5. The method of claim 3 for heating a serving of partially or fully precooked french fried potatoes supplied in a refrigerated or frozen state wherein the air is blown on the potatoes at a velocity of from about 1500 F.P.M. to 2000 F.P.M. and at a temperature from above 425° F. to 525° F. as it impinges on the potatoes, and heats the potatoes to said state in less than about 75 seconds.

6. The method of claim 5 wherein the pan is a one-time use disposable pan of paper or the like of relatively low thermal conductivity, the pan having a handle, the handle being out of circulation of the heated air and remaining cool for handling the pan, and wherein the pan is used, following the heating, as a plate for serving the potatoes, and is then disposed of.

7. The method of claim 3 for heating a serving of partially or fully precooked french fried potatoes supplied in a refrigerated or frozen state wherein the air is blown on the potatoes at a velocity of about 1800 feet per minute and at a temperature of about 475° F. as it impinges on the potatoes for about 50-70 seconds.

8. The method of claim 7 wherein the pan is a one-time use disposable pan of paper or the like of relatively low thermal conductivity, the pan having a handle, the handle being out of circulation of the heated air and remaining cool for handling the pan, and wherein the pan is used, following the heating, as a plate for serving the potatoes, and is then disposed of.

Description:

BACKGROUND OF THE INVENTION

This invention relates to a method of heating food, such as partially or fully precooked french fried potatoes supplied in a refrigerated or frozen state and requiring heating for being eaten, and more particularly to a convection oven for and a method of convection heating such food items.

The invention is particularly directed toward providing for self-service of hot and appetizing french fried potatoes in establishments such as convenience stores, vending machine canteens, cafeterias, etc., utilizing partially or fully precooked french fried potatoes supplied in a refrigerated or frozen state, and requiring heating to bring them to serving temperature (and to complete their cooking when they are only partially precooked). The self-service requirement presents problems in respect to rapid and safe heating of the potatoes to bring them to the temperature for serving, while insuring that the potatoes are crisp, tasty and of good texture and nicely browned, preferably comparable to french fried potatoes freshly fried in hot oil in a deep fry cooker (such as available at fast food restaurants). Use of a deep fry cooker is unacceptable for self-service. Use of a microwave oven may appear to be possible for self-service but, in fact, while partially or fully precooked potatoes supplied in a refrigerated or frozen state may be rapidly heated in a microwave oven, they come out rubbery, lacking crispness and good texture, and are generally wholly unacceptable. Use of conventional ovens other than microwave ovens, including presently available convection ovens, may give satisfactory results insofar as crispness and texture of the potatoes are concerned, but require unacceptably long heating cycles and may pose safety problems, making their use unacceptable for self-service.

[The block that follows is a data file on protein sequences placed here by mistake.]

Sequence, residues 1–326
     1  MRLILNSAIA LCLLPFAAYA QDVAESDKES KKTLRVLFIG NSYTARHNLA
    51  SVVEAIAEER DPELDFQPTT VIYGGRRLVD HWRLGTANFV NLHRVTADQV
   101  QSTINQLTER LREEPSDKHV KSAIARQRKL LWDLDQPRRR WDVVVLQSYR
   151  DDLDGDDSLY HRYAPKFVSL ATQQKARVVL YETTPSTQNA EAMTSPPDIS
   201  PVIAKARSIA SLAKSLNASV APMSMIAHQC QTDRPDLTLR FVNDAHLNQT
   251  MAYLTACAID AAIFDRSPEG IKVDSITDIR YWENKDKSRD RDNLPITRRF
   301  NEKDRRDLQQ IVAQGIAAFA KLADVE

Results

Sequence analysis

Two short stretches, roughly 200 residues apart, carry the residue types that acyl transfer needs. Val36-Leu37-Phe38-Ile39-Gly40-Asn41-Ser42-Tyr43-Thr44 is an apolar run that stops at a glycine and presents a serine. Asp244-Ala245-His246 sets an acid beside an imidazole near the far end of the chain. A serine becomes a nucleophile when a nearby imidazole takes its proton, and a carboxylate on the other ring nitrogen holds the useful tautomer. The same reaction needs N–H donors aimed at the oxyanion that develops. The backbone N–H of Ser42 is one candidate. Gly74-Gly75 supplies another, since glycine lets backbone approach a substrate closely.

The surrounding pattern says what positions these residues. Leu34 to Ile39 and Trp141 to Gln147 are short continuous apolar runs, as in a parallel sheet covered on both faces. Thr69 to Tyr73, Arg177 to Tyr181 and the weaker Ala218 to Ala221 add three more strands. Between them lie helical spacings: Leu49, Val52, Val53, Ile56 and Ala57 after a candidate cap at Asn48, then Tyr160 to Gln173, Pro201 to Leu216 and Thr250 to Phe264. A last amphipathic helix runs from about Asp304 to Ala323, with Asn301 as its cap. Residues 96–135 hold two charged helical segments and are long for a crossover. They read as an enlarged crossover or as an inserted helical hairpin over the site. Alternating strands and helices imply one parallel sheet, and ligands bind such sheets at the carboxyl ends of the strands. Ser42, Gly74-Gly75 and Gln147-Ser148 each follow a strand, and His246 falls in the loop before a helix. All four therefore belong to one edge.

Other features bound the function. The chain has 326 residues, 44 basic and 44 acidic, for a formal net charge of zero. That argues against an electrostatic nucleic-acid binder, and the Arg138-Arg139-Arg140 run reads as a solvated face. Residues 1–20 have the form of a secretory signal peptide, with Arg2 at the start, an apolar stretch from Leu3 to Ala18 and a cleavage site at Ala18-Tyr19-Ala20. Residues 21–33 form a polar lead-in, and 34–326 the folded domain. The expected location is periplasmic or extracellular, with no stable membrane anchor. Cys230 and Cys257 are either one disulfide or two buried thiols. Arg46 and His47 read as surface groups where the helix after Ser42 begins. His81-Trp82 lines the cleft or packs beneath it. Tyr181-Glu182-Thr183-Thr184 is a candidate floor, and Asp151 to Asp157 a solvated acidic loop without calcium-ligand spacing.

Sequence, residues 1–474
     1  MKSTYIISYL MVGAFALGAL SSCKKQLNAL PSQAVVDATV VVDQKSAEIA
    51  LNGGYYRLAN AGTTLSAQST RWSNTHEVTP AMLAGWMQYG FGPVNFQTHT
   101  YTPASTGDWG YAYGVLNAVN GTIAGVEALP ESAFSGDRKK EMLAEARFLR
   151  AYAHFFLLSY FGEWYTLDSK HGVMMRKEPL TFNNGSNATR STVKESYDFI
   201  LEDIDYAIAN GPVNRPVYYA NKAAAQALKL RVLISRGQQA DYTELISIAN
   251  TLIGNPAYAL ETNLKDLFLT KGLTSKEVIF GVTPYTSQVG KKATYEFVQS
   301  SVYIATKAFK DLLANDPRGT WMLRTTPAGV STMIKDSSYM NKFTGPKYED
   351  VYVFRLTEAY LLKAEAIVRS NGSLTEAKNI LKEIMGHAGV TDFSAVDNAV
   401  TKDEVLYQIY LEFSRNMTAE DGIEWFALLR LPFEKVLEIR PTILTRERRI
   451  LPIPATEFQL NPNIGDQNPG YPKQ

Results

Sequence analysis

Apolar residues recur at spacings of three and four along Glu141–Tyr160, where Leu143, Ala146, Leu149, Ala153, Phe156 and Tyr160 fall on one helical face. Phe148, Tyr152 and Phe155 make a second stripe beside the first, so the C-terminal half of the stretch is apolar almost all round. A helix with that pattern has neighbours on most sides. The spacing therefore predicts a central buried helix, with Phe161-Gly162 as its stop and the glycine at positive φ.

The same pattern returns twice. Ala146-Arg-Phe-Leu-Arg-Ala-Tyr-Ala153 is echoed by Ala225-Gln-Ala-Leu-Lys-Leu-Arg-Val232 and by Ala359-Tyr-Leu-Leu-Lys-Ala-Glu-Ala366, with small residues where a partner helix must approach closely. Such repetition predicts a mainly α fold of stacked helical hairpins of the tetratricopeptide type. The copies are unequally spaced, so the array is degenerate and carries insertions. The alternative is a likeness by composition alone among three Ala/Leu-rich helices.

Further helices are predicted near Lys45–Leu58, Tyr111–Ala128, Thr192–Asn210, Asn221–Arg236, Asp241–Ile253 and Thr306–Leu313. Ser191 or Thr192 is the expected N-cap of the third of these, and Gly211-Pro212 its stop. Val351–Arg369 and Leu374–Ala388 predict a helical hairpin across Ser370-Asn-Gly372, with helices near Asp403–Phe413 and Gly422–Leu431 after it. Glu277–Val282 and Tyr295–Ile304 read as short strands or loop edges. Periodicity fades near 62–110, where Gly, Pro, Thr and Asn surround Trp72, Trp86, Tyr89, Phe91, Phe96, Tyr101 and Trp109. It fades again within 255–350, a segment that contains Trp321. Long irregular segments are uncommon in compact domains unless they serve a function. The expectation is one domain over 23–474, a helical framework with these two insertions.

While the invention has been initially developed for customer self-service of french fried potatoes, it will be understood that its principles are regarded as applicable to heating the food items in general, particularly for self-service.

SUMMARY OF THE INVENTION

Among the several objects of the invention may be noted the provision of a method of heating food, such as individual servings of partially or fully precooked french fried potatoes supplied in a refrigerated or frozen state, and requiring heating for being eaten, enabling self-service of the items; the provision of such a method enabling rapid and safe heating of the food items by purchasers of the items at the place of purchase (e.g., a fast food center in a convenience store); the provision of such a method which enables the heating of the items in a disposable serving receptacle, e.g., a paper pan or plate; and the provision of such a method for heating partially or precooked french fried potatoes to be comparable to french fried potatoes freshly fried in hot oil in a deep fry cooker.